As Young Blue Jackets Adjust To Life And Rigors Of NHL, So Too, Must They Embrace The Challenges That Come With It

By Will Chase on January 20, 2023 at 1:45 pm
Columbus Blue Jackets' Cole Sillinger skates against the Tampa Bay Lightning in the second period at Nationwide Arena.
Aaron Doster-USA TODAY Sports

Not even at the All-Star Break yet, the Columbus Blue Jackets are playing out the string of the 2022-23 regular season.

That's basically been the case since just after the season began.

The sweep at the hands of the Colorado Avalanche in Finland felt like the proverbial nail in the coffin. The team was 3-9-0 and rumblings from around the fan base were sounding off on head coach Brad Larsen.

As we approach February, the team is dead-last in the NHL standings and Larsen is still behind the bench as he and the Jackets try to shake the almost daily losing skid that follows this team.

Another popular sentiment from the fan base as it pertains to Larsen is the method by which he deploys his players. The who, what, when, and why?

It's obvious to suggest young skilled players like Kirill Marchenko, on pace for 16 goals in just 40 games, should play more. And higher in the lineup. Especially when down a goal late in a game. That situation played itself out in Thursday's loss when he was swapped with Patrik Laine and inserted onto the top line in the third period.

Same for Kent Johnson, who played the second-fewest minutes (9:46) of any player not named Emil Bemstrom during the 2-1 loss at the Nashville Predators on Thursday at Bridgestone Arena. A building where the Blue Jackets are 9-35-1-6 in 51 all-time tries, dating back to the franchise's existence. And remember, the two teams were Central Division combatants from the inaugural season in 2000 through the 2012-13 season and then in the COVID-shortened season of 2020-21.

And Johnson was on the bench in the second half of Tuesday's third period as the club searched for the equalizer.

Cole Sillinger has struggled mightily this season but rebounded on Tuesday following healthy scratches in the two games leading up to that. He just missed out on the tying goal late against Nashville. How big would that have felt for the 19-year-old?

Whether Sillinger should be in the AHL and playing regularly or fighting through it at the NHL level is anyone's best-educated guess. But as Dan Dukart said, Sillinger needs to be playing, somewhere, consistently.

The constant theme of player ice time extends beyond the young players, as just last week we talked about Johnny Gaudreau’s ice time dipping. What we do know about Gaudreau is he’s a superstar. There are no concerns about his game. Even if he isn’t scoring as regularly.

With the young guys, you want to see them more and it feels like every other team around the league relies on the young skill more and more. It’s where the game has evolved.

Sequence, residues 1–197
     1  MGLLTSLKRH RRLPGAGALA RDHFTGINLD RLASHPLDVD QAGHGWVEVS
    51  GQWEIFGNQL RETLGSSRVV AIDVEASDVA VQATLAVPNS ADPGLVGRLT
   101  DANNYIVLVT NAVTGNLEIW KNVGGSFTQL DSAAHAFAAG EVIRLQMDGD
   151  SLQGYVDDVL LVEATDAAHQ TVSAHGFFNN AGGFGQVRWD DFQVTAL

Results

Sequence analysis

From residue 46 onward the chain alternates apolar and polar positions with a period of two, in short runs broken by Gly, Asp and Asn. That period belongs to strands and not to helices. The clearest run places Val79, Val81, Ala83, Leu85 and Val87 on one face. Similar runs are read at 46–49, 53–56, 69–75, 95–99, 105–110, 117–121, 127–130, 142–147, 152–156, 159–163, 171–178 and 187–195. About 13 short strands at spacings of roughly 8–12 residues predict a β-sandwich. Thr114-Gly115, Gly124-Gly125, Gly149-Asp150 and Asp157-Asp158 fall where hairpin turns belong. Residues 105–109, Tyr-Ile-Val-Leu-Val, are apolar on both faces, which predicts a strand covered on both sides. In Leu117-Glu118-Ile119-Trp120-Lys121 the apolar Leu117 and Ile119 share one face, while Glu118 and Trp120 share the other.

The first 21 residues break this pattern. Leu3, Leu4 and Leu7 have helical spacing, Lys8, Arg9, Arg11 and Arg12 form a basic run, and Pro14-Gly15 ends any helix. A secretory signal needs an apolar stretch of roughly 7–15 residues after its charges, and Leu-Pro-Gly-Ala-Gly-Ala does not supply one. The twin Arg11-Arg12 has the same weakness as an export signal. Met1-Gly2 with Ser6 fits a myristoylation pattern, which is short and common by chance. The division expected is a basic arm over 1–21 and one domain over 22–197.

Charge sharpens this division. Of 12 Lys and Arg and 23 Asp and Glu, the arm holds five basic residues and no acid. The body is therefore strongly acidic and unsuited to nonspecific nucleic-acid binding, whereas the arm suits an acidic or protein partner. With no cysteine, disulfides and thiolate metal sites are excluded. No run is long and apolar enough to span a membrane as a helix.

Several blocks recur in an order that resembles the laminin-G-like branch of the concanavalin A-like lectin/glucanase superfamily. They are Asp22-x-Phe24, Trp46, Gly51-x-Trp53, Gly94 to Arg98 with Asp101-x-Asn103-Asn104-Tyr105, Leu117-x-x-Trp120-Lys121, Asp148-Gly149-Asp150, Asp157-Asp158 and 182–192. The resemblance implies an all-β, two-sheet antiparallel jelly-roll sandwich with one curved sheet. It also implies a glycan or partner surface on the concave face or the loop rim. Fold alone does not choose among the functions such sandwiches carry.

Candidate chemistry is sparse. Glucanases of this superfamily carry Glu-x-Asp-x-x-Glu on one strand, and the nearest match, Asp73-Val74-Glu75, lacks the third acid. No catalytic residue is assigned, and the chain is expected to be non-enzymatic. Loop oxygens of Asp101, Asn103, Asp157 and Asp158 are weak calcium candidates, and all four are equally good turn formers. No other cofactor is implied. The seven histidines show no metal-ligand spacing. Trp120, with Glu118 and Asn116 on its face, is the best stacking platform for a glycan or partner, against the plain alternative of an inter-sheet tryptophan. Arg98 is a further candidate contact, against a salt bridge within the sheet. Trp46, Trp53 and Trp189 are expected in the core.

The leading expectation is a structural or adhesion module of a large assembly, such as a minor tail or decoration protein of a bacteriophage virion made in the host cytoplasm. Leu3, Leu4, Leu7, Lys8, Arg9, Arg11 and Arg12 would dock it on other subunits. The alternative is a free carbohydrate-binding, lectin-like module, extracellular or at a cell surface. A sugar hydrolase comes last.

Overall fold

During Larsen's weekly radio segment with Hockey & Hounds with Rothman & Ice, Larsen broached the subject of young players and managing respective ice time and, specifically at 9:00 of the full 12:24 interview, how young players must manage the daily grind of the NHL:

I asked (Johnson) yesterday, 'How many games did you play in college?' he said 35. We're at game 43. So he's past that.

And I said, 'Well this is when the NHL really starts.' Now you're starting. And it's day on day off. And you've got four in six (games), and you've got five in eight. And you're traveling to the west coast and time change.

'Now the grind is starting. And this is where you've got to manage your game. This is where you've got to find energy. This is where you've got to take care of yourself, get your rest, making sure you're eating properly.' Because your mind can go. If you're low on energy and then your mind goes, now you open yourself up to really struggle.

These are things they have to go through. And we can talk about them. We're going to help them through it. But they have to go through it. And there's going to be a lot of guys that are going to go through this year in the next probably 20-30 games.

The interview also included Tuesday's performance against the Predators, Laine's hat trick against the Detroit Red Wings, and Sillinger's bounceback game including what to do with him as he fights the sophomore slump.

One of the youngest teams in the entire league, Larsen and the organization certainly have to tread carefully.

You don’t want to ruin a player’s confidence like Sillinger when they struggle. Is it better to play young guys in Cleveland where they get top minutes every night but you can risk a player losing more confidence by being demoted?

Everyone and every situation are different. Some might be better for playing through it at the NHL level, even with shelved minutes.

One thing that feels evident to point out is when a player is playing well, it seems it would be wise to unleash them a little bit more. Protecting players from specific situations is probably a valid strategy at times, and maybe stands to reason for not rushing a player into doing more when they do show a spark of offense. Looking at you, Marchenko.

But players have to go through it and learn all types of game situations, and what better time than during a fairly meaningless game in January when the standings don't mean as much outside of draft positioning?

Who knows what the right way is to navigate a young roster through maturity and development, all while figuring your way through a rebuild, and still trying to win games at the same time?

It's definitely easier to play Monday morning quarterback and magnify everything that feels like it could be counterproductive in the short term while those tactics might simultaneously help the long-term macro outlook.

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